Thursday, September 27, 2012

The Early Autumn of Honey BooBoo

September is a special month. It starts in summer, with the heat still mostly there but the lights lowered. I need to hang on to the heat, with old memories of cold, poor winters in the Connecticut Valley driving me to near panic. The lowering light gets more and more lovely and suddenly, it gets cool. There are smells, and flowers, and birds. For the last 10,000 years or so, there has been the harvest.

The harvest is mythically important. After the harvest comes death , which is also sort of a key fact. So we have a big honking connection to nature.

So. I'm getting all mythic about a really great time of year when I spend a dark evening in front of the retina of the mind's eye & notice that a typical Wednesday night of crappy TV has the show we've all heard about - Here Comes Honey Boo Boo.  "Yeeeeearrrrrrrghhh!!!!" seems woefully insufficient. It's a window on the life of the 47%.

Please, please, please close it quickly. Although you have to admit that the picture of Bill Clinton looking down on them in horror & empathy is a nice touch, this show is a test that the rest of us will fail like a Wasserman on Jersey Shore.

What to do? Get out of the house, of course. Even in the heart of the Big City there's stuff growing and ripening everywhere. This year, particularly. Last year was horribly wet in the east, and even the apple crop, about the last thing still grown commerically around here, was soggy & awful. This year, in the record smashing heat*, rain came at oddly convenient intervals and things stayed nicely green. (Yes, I'm fully aware of the horror that burned down west of the Appalachians - more on that often here)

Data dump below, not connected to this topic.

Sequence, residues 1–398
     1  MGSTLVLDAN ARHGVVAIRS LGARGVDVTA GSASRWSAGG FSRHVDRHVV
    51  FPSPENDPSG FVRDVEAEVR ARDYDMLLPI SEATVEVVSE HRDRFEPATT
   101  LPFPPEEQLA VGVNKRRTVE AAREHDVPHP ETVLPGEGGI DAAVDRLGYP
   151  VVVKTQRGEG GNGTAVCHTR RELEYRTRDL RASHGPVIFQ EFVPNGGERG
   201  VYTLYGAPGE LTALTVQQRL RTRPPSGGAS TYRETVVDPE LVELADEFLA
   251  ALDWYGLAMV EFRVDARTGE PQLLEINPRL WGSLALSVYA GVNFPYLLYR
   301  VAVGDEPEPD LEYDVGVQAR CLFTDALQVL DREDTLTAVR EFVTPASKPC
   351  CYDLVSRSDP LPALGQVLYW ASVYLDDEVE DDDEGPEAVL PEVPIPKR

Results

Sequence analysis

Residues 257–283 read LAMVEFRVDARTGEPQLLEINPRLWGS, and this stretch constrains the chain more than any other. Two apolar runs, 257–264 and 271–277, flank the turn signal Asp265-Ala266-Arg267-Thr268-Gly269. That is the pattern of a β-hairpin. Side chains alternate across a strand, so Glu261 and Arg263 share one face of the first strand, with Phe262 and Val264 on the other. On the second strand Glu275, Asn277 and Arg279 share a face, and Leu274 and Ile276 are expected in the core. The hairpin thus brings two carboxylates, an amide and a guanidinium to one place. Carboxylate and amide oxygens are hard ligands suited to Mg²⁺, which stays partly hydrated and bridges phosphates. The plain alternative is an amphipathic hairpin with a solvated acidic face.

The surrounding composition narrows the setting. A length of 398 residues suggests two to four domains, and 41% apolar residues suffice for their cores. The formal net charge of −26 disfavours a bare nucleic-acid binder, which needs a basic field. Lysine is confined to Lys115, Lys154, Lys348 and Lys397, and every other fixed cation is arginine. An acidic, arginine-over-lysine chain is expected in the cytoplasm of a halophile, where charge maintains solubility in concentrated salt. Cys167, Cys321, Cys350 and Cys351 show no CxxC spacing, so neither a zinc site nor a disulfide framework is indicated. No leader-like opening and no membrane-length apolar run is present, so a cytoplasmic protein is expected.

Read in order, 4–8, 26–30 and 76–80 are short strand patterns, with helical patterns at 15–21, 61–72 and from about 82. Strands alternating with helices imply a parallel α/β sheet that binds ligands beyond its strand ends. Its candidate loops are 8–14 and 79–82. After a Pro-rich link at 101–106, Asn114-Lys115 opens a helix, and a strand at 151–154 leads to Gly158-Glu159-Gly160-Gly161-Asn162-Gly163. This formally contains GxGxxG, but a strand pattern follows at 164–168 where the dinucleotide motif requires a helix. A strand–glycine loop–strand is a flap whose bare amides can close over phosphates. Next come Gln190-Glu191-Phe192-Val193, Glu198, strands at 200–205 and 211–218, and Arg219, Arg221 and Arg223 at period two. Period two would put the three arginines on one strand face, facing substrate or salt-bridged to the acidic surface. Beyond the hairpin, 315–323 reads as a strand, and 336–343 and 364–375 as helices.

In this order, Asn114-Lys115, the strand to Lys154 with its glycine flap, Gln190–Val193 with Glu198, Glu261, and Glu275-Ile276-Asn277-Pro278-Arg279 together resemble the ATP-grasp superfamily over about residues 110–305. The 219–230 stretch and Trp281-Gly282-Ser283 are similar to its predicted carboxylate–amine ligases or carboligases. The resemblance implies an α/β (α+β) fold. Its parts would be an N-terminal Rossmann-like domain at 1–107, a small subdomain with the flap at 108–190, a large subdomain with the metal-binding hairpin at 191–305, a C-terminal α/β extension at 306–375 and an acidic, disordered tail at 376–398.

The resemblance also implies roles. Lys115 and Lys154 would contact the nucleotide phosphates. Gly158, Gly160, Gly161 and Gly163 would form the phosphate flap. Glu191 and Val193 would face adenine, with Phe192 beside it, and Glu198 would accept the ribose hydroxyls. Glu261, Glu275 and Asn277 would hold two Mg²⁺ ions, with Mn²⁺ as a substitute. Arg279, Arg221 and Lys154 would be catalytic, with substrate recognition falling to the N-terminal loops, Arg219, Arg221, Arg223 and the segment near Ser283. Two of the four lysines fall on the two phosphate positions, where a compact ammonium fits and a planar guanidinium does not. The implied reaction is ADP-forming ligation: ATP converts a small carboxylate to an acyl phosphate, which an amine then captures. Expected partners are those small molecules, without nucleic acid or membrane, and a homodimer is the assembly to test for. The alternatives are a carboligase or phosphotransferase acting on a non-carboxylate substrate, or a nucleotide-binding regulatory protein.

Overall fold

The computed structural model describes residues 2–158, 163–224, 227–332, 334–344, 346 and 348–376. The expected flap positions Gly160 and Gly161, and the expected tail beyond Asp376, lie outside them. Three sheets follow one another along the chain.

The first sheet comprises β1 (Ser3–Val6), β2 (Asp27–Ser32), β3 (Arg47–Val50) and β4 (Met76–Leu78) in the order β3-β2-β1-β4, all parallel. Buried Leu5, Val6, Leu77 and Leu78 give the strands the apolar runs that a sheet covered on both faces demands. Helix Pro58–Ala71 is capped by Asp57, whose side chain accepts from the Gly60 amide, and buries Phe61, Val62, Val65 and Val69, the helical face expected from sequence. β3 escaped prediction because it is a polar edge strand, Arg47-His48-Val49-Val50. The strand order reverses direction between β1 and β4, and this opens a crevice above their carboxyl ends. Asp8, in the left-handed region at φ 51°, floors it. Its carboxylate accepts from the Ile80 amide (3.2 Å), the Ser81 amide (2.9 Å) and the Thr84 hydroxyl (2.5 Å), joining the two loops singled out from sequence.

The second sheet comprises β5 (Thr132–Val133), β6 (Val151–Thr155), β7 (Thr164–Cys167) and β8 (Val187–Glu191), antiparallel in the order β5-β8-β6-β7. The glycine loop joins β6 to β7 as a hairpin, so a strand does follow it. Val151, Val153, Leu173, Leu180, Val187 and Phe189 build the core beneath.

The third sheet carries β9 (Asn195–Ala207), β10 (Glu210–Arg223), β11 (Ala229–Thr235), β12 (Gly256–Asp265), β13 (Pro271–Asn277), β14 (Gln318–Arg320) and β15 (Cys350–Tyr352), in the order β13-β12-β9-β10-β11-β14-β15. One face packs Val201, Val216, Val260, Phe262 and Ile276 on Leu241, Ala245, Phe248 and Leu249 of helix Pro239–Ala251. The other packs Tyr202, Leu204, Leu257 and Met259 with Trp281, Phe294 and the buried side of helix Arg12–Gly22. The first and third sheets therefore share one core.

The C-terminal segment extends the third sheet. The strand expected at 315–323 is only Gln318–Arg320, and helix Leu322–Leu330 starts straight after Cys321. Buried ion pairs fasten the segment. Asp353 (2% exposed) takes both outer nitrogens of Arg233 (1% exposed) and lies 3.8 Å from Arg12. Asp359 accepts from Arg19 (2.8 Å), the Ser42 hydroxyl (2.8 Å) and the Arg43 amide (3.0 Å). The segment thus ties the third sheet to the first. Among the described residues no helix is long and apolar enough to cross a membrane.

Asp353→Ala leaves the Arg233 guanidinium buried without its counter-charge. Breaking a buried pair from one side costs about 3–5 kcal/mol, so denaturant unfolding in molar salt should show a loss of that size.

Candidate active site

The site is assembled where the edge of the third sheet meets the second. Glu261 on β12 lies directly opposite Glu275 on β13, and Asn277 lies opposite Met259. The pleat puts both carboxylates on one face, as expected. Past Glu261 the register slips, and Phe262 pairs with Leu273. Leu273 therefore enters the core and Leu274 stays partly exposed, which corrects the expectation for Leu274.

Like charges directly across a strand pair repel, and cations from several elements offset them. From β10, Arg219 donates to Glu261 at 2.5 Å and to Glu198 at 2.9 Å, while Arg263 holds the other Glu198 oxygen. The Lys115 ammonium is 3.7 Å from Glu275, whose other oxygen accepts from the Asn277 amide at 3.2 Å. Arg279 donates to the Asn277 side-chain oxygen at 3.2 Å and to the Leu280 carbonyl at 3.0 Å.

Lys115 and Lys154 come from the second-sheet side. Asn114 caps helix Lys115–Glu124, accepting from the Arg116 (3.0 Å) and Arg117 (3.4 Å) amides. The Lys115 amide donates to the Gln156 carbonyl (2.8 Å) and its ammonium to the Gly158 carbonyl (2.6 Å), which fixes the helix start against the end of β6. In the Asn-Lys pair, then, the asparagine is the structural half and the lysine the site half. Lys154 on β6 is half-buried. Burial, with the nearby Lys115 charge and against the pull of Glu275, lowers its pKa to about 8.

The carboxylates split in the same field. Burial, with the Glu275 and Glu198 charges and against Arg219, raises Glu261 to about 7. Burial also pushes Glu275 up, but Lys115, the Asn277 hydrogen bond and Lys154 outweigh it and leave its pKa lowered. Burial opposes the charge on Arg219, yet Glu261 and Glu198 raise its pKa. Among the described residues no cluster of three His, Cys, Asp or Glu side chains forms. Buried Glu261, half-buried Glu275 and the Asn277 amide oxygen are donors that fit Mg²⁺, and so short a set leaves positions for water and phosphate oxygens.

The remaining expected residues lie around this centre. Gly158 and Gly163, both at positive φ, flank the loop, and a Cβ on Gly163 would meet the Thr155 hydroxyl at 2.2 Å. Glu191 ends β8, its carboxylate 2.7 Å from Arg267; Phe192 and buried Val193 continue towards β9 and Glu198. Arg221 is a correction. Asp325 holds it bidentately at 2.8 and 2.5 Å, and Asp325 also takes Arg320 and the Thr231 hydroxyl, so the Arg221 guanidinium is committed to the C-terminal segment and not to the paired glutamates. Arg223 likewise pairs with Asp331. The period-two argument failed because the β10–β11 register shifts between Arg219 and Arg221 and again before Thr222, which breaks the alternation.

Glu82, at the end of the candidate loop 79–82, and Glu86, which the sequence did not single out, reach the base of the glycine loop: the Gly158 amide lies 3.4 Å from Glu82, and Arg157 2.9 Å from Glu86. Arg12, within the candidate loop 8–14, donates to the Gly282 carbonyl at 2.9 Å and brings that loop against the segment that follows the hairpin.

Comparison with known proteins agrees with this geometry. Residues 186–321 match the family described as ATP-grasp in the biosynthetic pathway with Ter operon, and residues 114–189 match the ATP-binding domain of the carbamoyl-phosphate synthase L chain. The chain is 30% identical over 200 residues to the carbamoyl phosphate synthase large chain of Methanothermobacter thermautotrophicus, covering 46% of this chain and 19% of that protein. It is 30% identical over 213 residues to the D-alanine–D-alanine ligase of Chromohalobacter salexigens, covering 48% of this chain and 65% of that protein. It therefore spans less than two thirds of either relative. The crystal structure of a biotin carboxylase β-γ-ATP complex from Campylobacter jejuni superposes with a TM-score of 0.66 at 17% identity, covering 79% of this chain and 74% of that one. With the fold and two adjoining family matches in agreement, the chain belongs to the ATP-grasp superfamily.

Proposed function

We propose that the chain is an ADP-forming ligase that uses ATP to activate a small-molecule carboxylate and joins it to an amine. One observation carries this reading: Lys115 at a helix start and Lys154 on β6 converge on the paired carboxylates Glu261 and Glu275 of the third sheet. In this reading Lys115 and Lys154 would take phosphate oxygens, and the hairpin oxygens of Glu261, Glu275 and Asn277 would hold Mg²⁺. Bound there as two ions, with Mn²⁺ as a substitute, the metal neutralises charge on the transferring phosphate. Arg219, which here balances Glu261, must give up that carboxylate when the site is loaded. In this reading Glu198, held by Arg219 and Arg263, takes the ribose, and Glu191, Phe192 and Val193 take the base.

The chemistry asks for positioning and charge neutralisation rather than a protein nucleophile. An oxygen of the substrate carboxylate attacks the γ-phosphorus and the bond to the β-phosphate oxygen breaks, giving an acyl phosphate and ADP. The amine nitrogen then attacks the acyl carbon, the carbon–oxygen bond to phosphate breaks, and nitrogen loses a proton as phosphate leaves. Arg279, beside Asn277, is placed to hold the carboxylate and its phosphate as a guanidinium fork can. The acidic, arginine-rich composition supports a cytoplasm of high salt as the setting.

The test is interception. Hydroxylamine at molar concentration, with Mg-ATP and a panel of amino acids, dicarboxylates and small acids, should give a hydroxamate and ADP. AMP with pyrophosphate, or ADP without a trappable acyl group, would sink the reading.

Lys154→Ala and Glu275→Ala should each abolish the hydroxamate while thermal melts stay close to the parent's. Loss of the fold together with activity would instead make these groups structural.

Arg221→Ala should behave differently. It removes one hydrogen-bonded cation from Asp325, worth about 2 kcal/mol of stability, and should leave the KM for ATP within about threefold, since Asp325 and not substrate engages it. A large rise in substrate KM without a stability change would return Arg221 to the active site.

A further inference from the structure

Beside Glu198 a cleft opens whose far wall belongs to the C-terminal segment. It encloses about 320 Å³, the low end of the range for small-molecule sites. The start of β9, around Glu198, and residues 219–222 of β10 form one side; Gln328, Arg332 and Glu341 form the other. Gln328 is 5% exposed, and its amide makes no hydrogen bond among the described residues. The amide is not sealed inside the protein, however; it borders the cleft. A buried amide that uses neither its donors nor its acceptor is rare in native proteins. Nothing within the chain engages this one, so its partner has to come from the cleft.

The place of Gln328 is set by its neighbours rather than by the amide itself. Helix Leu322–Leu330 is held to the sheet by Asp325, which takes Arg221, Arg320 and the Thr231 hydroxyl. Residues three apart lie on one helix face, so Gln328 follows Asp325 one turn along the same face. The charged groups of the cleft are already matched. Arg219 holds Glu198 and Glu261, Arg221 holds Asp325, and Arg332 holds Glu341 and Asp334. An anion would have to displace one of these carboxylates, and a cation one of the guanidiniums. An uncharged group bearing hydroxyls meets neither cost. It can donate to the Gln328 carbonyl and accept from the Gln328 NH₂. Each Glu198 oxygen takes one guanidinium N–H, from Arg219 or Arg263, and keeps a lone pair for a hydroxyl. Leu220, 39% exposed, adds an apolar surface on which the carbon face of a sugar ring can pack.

From the relative comfort of the lesser depression we look at the higher dignity of the Great Depression and remember the main difference : yields.
Nowadays, farms yield about 160 bushels (9600 lbs) per acre in good years, 120 in years like this.  Given a few more years like 2012, the product of global warming & a jet stream keeping the cold there was off North America, there will be starvation. The lazy prediction today was pointless hunger deaths rising from 5 to 6 million a year, but what does that mean? Nothing.

The real question is: Have we put a serious hit on Mother Nature?

The real answer is : Hell, yes. These outsize yields won't last long. Long term carrying capacity of humans on this planet is almost surely under 2 billion souls. The other 5 billion of us are living on the heritage of fossil fuels & minerals deposited over hundreds of millions of years. Once it's gone, or even significantly harder to get at, we're all in deep pain. All I can say? Give thanks to Demeter & Persephone.

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